The Bank of Spain, Spain’s central bank, has advised consumers about the actions that banks may take if they identify cryptocurrency purchases. The institution explains in a blog post on its website that traditional banks have the authority to prohibit these transactions if they suspect questionable conditions, such as identity theft or money laundering.
Bank of Spain Clarifies Restrictions on Cryptocurrency-Related Accounts
The Bank of Spain has published a post informing users of the possible actions taken by commercial banks in the event of a cryptocurrency-related purchase being detected. To begin, the bank adds that these assets are not suitable as payment methods or investment vehicles according to Spanish and European regulators.
Additionally, the bank notes that accounts may be stopped in response to suspicious activity connected with identity theft. It stated:
It is possible that the bank has concerns about identity theft along with credential theft. There are numerous instances of fraud in which an entity’s clients’ accounts are fraudulently accessed after the client’s passwords are obtained, and which result in a transfer to acquire bitcoins.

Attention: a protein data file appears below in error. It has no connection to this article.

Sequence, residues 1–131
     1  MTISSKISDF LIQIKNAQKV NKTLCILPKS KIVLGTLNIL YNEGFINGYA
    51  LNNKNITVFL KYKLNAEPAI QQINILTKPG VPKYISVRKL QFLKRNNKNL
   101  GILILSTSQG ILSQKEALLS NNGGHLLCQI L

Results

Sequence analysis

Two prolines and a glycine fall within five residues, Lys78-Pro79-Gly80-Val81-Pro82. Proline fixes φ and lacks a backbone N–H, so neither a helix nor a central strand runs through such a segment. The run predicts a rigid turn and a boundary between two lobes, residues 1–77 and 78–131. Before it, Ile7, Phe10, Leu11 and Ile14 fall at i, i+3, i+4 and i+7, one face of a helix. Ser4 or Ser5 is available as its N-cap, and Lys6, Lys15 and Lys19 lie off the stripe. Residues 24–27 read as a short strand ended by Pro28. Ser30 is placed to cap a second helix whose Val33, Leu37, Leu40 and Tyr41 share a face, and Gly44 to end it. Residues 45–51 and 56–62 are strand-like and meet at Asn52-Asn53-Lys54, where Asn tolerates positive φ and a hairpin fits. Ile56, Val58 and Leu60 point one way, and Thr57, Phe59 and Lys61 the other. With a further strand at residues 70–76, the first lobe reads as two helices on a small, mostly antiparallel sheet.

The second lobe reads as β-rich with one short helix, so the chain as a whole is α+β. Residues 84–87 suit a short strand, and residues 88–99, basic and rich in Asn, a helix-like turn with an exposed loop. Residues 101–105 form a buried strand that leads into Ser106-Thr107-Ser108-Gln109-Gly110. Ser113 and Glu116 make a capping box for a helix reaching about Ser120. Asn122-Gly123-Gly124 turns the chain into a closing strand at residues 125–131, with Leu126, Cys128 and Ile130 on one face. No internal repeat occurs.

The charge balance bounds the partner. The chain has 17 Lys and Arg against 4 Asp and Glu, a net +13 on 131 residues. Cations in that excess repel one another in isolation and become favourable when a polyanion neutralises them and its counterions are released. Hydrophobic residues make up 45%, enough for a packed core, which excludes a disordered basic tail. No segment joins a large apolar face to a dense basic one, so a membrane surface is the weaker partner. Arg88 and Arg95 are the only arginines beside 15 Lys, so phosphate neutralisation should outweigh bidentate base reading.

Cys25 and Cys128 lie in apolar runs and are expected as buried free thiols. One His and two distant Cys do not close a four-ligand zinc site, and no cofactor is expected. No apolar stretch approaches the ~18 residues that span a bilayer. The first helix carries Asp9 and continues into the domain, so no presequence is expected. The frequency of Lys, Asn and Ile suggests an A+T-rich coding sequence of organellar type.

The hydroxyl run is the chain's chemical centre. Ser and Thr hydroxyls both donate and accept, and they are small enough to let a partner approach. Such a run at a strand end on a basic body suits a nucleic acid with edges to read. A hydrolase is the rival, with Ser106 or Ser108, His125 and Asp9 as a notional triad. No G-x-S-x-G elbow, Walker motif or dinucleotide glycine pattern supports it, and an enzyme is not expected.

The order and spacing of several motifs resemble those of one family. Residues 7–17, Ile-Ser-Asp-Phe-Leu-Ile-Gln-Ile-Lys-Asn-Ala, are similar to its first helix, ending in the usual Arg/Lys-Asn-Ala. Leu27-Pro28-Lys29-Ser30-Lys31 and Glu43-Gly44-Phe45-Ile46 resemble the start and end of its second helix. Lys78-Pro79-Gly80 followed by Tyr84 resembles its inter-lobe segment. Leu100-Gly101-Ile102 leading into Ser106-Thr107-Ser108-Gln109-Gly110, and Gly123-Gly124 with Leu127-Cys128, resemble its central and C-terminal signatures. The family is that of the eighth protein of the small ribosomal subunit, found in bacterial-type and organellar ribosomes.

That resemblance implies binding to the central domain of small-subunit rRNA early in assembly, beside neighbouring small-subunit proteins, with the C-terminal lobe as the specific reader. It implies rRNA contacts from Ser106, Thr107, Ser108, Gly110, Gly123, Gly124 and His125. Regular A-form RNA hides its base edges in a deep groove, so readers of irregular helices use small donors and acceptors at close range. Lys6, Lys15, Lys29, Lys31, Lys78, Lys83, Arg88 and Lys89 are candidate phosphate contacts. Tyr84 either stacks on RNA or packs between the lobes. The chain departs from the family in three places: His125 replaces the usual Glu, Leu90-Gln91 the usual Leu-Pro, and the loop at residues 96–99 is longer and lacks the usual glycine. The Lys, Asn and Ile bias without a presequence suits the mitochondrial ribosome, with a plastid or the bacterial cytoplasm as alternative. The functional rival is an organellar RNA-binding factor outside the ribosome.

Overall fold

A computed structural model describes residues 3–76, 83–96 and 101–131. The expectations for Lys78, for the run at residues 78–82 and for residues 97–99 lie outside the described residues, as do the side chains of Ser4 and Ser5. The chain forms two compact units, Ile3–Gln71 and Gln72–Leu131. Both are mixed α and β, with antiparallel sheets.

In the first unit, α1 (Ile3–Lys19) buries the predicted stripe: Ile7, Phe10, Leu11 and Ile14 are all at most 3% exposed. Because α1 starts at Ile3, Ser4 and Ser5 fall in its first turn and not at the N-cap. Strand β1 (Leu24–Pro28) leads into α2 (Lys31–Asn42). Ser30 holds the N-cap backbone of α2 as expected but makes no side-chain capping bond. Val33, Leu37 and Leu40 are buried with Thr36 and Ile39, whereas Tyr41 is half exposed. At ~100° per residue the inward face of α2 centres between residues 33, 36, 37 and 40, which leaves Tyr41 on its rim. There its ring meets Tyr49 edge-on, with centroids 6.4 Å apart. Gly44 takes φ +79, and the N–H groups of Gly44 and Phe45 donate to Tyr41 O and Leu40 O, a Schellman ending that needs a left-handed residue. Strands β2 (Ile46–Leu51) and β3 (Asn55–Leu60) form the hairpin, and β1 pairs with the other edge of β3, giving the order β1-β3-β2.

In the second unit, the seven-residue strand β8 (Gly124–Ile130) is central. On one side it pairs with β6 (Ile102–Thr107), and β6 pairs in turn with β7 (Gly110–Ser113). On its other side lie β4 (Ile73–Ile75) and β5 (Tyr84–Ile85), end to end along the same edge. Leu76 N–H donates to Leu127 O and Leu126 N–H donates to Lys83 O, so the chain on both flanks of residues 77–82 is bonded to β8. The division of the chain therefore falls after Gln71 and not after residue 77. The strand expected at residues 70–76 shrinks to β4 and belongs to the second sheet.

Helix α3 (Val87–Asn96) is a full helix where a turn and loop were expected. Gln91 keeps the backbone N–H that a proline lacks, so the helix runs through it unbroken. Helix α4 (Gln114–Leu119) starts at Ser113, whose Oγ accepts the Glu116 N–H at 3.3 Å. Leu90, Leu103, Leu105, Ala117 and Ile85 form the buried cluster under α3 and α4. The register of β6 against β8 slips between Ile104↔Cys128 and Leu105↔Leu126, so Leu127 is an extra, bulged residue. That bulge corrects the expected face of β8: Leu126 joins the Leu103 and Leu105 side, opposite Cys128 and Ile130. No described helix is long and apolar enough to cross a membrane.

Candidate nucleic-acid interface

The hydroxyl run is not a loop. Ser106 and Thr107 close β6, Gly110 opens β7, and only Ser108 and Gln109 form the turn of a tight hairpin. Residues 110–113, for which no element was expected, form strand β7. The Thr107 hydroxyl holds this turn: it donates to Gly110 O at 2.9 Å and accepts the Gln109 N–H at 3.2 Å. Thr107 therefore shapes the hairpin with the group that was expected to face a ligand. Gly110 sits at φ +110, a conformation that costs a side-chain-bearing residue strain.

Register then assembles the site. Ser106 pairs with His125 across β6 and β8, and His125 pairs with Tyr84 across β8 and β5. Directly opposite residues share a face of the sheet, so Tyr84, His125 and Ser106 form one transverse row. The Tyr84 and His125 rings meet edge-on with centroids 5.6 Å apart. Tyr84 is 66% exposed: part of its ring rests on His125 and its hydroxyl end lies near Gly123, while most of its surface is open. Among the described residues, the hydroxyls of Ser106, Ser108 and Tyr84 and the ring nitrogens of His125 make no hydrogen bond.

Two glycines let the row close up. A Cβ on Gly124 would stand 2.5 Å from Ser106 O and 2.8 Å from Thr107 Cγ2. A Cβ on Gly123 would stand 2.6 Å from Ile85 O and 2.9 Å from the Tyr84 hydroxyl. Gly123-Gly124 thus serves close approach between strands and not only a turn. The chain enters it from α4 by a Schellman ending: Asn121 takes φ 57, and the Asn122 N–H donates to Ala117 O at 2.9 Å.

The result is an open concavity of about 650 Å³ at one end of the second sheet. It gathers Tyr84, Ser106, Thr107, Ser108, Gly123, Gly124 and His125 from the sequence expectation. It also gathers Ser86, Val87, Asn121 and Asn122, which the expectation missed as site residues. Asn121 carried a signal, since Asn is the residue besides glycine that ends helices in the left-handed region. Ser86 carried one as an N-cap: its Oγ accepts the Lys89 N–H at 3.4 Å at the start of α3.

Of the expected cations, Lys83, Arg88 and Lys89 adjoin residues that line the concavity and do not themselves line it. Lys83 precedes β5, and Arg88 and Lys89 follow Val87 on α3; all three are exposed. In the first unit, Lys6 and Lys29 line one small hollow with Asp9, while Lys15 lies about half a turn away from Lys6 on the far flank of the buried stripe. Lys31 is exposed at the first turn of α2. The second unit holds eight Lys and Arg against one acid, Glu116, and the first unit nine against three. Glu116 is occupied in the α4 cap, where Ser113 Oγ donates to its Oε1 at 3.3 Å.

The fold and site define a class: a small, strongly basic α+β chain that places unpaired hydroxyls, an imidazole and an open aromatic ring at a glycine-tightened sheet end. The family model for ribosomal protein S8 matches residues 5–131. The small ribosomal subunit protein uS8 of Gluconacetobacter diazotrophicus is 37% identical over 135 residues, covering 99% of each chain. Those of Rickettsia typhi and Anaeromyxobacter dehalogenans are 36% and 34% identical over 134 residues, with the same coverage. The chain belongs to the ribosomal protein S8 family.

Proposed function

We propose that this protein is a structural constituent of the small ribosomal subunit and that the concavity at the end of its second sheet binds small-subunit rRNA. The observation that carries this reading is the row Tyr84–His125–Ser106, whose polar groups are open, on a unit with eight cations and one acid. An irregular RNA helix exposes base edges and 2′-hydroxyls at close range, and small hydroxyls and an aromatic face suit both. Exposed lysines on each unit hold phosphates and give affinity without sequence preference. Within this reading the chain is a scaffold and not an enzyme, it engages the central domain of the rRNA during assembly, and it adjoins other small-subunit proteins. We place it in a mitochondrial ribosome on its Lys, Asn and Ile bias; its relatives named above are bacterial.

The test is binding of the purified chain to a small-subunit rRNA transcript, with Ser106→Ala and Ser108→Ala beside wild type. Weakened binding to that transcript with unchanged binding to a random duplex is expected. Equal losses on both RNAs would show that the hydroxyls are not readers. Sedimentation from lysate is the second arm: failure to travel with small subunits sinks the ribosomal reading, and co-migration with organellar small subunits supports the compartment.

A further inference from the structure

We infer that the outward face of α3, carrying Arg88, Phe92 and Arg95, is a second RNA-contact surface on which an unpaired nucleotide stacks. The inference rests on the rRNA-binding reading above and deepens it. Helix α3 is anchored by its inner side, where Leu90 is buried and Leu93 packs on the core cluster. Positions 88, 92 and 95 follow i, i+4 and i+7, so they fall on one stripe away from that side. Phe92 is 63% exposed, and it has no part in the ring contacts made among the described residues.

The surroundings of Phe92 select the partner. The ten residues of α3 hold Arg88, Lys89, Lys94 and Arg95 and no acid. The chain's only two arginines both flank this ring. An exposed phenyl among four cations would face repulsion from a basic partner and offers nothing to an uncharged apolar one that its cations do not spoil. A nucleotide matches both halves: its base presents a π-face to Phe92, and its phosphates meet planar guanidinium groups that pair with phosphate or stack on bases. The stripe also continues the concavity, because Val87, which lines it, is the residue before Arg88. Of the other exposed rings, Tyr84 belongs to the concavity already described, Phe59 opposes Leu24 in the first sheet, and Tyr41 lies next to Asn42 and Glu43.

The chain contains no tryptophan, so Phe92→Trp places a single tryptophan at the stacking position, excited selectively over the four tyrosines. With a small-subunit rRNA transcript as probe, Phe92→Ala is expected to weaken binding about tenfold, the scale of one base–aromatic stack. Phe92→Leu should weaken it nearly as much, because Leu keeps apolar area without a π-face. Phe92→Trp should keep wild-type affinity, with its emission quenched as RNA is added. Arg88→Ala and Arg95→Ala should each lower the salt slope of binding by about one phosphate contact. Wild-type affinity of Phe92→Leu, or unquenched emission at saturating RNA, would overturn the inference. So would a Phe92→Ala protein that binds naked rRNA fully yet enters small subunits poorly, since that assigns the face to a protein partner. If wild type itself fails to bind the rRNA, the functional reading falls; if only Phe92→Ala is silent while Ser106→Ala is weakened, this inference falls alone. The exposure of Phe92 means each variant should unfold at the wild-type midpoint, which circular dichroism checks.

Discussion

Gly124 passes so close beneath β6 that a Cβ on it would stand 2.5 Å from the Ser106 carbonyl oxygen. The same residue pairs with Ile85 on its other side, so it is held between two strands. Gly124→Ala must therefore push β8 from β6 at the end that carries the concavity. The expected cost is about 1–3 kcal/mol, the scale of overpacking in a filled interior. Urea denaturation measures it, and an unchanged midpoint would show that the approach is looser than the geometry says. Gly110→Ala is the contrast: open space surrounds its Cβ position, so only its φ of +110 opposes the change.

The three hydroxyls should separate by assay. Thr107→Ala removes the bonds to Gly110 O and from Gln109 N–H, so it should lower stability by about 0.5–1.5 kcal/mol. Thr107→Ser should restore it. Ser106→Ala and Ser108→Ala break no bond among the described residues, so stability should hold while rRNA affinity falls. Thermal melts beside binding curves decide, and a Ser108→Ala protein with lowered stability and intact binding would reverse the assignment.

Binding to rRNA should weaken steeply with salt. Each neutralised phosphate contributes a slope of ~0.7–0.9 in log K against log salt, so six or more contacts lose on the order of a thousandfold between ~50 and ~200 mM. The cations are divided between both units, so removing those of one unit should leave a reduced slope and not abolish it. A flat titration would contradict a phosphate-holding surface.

This may activate integrated banking system alarms and initiate the aforementioned block to protect the customer.
Laundering of funds
However, there are further grounds for a transaction restriction. The statement continues by stating that evidence relating funds transferred to money laundering can also result in the blocking of a bitcoin purchase transaction. In this regard, the bank stated:
Additionally, the bank may classify this type of transaction as high risk and impose additional restrictions, such as making a phone call or inviting you to visit the branch.
Banks must adhere to a variety of rules that prohibit them from engaging in these types of transactions that could be used to launder money or finance terrorists on a global scale. However, it was emphasised that banks cannot do so without retaining contact with the impacted user and providing an explanation for the transaction’s blocking. Users may be required to visit a bank branch in some instances. However, the article states that banks must exercise discretion based on the customer’s health status and the distance from their residence.
Europe is currently drafting MiCA, the Markets in Crypto Assets regulatory framework, which will improve the clarity of each organization’s responsibilities in relation to cryptocurrencies and its connected actors.
Disclaimer: These are the writer’s opinions and should not be considered investment advice. Readers should do their own research.